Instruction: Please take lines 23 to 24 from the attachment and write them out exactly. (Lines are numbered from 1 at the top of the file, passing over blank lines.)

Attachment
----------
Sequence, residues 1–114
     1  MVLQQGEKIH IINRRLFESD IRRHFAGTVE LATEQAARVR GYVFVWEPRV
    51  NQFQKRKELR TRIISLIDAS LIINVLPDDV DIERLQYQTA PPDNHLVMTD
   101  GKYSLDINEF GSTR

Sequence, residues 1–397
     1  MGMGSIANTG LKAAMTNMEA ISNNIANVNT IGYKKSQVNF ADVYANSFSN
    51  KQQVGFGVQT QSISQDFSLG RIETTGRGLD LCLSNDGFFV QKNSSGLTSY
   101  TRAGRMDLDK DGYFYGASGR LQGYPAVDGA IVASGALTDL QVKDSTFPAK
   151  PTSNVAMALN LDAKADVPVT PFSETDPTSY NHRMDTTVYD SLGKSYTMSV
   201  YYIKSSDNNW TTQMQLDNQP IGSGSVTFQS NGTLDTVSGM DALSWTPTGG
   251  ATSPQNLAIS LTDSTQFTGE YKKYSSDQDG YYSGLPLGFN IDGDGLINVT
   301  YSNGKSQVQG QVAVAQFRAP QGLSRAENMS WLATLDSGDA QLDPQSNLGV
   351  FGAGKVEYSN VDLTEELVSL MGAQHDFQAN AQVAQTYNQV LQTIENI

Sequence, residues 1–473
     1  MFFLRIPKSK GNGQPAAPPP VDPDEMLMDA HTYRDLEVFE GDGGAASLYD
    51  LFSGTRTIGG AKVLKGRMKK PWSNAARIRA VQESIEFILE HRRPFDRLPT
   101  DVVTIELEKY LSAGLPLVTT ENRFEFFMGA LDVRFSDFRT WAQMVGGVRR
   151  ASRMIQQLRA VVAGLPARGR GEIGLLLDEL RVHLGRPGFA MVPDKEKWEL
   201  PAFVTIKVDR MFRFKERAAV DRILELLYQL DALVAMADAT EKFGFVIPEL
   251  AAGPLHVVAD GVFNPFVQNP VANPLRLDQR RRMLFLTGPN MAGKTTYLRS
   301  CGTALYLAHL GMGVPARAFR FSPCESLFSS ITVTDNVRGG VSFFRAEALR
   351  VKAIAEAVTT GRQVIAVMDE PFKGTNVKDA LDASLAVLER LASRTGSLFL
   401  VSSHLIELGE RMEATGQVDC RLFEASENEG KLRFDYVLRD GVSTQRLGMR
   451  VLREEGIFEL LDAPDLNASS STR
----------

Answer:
   401  VSSHLIELGE RMEATGQVDC RLFEASENEG KLRFDYVLRD GVSTQRLGMR
   451  VLREEGIFEL LDAPDLNASS STR